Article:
There are plenty of fine Matisses among the 59, including his angular, colorful “Red Madras Headdress” and “The Music Lesson,” and some memorable early Picassos among the 46, notably a Blue Period star, “The Ascetic,” a signature saltimbanque “Acrobat and Young Harlequin” and a haunting “Head of a Man,” inspired by African masks that intrigued both the Spaniard and Barnes. The 18 Henri Rousseaus tend to be universally compelling, as epitomized by the dreamy “Woman Walking in an Exotic Forest.”
Represented by seven works, van Gogh makes a strong showing, notably with his familiarly hirsute “The Postman (Joseph-Etienne Roulin),” which stands out in spite of being hung in a corner of a crowded gallery. Among the 11 Edgar Degas works is a fine pastel of ballet dancers, “Group of Dancers.” Claude Monet, the French Impressionist leader, weighs in with a beautifully brushed view of his floating workplace, “The Studio Boat.”
Among the six works by George Seurat is his large pointillist masterpiece, “Models,” which at more than 6½ by 8 feet looms over Cezanne’s sizable “Card Players” in the main gallery. Most of the 16 Amedeo Modiglianis make strong statements, including his inscrutable “Redheaded Girl in Evening Dress.”
One has to look hard to spot the Americans scattered around the floor-to-ceiling galleries. There are 70 works by Glackens, who adapted Renoir’s light, bright palette in his mature years, as exemplified by the almost gaudy “Race Track.” Scattered hither and yon are paintings and watercolors by Charles Demuth and Maurice Prendergast.
At a time when Marsden Hartley was particularly desperate for cash, he sat next to Barnes at a gallery auction when the doctor bought one of the artist’s Bermuda paintings for $100. Later that year, Barnes wrote the artist that he was highly pleased with the effect created in his private office when two of Hartley’s Cubist boat paintings were placed on either side of a Prendergast panel. “Demuth was here when I hung them,” wrote Barnes, “and he agreed with me that outside of a few spots in my house there is probably nothing in America that can touch the wall in sheer, potent, exquisite, meaningful beauty.” Yet Barnes only bought those three 1916 works by the frequently impoverished painter from Maine.
Four paintings by self-taught artist Horace Pippin are fascinating. Barnes championed this African American from West Chester, Penn., who briefly studied at the Barnes Foundation and achieved national fame in the 1940s for his vignettes of World War I and black life.
It is hard to single out the scores of decorative art pieces and small sculptures that are intermingled with so many compelling paintings in the Barnes’ 24 galleries. Numerous chests, particularly those crafted by Pennsylvania Germans, with elaborate motifs, stand out, such as a 1789 chest over drawers.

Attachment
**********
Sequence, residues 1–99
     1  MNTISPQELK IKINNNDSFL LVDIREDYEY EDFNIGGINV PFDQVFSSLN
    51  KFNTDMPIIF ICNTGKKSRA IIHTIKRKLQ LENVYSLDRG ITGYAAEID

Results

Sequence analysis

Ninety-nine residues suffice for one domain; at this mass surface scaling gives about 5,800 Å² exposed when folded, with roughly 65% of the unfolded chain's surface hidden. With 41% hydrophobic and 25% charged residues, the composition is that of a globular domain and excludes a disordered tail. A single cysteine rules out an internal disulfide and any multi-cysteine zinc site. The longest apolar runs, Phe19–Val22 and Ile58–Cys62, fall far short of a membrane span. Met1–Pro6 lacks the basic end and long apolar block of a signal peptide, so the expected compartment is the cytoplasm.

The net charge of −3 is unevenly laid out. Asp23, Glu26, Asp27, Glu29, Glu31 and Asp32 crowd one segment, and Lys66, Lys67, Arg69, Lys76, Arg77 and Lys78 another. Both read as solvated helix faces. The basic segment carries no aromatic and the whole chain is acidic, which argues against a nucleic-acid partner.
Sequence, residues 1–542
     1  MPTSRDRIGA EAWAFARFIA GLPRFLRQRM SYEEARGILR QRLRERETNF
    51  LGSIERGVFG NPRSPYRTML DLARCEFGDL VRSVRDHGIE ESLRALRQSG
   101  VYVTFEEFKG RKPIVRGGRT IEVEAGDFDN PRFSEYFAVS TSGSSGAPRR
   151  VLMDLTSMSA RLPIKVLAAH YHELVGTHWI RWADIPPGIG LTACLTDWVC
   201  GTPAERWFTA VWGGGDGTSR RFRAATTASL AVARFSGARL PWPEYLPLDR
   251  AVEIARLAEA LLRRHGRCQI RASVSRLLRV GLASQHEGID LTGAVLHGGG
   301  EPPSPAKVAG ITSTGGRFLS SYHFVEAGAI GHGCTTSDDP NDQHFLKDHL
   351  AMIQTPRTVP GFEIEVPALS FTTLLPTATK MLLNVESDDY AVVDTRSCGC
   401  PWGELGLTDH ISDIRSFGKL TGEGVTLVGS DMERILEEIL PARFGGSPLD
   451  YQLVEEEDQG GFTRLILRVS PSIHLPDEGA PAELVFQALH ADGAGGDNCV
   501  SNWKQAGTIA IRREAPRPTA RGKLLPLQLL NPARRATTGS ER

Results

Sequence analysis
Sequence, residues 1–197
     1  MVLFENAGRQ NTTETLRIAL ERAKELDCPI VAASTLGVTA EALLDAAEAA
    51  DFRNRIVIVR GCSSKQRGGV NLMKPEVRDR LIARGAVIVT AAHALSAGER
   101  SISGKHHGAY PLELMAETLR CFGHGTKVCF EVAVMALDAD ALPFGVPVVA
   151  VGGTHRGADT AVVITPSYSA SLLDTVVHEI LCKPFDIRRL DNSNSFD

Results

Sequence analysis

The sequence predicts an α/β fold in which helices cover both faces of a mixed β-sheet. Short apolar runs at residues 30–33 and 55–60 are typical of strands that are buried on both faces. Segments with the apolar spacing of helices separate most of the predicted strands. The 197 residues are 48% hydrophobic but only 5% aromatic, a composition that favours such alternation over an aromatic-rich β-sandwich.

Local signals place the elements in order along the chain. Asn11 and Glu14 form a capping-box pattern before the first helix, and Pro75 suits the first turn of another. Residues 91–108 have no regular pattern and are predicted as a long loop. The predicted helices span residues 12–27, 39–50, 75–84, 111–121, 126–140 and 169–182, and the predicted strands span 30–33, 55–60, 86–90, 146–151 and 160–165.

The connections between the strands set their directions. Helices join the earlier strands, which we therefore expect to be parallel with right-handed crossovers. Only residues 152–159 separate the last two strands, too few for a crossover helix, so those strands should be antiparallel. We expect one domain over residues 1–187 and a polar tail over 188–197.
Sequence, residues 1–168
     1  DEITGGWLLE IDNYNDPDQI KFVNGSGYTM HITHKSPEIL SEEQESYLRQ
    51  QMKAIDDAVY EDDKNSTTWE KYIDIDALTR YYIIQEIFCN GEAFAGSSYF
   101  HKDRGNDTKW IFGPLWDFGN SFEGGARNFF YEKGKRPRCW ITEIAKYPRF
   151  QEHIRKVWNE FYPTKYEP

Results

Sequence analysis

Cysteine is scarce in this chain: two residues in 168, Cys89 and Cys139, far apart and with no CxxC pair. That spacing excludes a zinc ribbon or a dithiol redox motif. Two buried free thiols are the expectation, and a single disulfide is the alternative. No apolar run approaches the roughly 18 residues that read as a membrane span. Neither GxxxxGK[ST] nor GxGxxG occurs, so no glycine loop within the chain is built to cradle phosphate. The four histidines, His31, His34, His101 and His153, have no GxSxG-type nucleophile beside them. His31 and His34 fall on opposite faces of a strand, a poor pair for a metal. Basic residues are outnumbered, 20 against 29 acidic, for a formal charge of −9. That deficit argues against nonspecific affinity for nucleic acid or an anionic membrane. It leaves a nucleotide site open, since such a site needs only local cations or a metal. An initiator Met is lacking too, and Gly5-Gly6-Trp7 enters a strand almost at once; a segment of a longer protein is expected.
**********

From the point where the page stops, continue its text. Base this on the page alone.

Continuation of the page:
Less conspicuous are objects Barnes collected during a trip to the Southwest, 1929‱930, such as a Navajo bow guard and Zuni water jar. Seventeen African works are lined up in rigorous symmetry in a case in Room 22, flanked by Modigliani portraits and topped by two resonating, masklike faces by Picasso.
Somehow, in their new, bright quarters, Barnes’s quirky ensembles make more visible his mission “to demonstrate the continuity of artistic tradition and the universal impulse for creative expression,” as chief curator Judith F. Dolkart puts it. At a time when so many museums seem to be dumbing down their exhibitions, the Barnes maintains its focus on quality and contrasts among global artwork.
What once was considered the personal plaything of a colorful, bizarre millionaire art patron, the Barnes collection in its new digs emerges as a major world museum, accessible to all. The Barnes Foundation is well on its way to becoming the towering and influential institution it deserves to be, potentially altering the ways we look at and think about art. Often regarded as a weird rascal, Dr Albert C. Barnes emerges in 2012 as a major public benefactor †and prophet.
Masterworks: The Barnes Foundation , which serves as a museum catalog, is a 374-page, lavishly illustrated examination of Barnes, his foundation, his philosophy of art and education and the new quarters. Written by Dolkart, associate curator Martha Lucy and executive director and president Derek Gillman, it is everything an art lover could ask for as an introduction to the subject. Published by Skira/Rizzoli in association with the Barnes Foundation, it retails for $40.
The Barnes is at 2025 Benjamin Franklin Parkway at 20th Street. For information, www.barnesfoundation.org or 215-278-7000.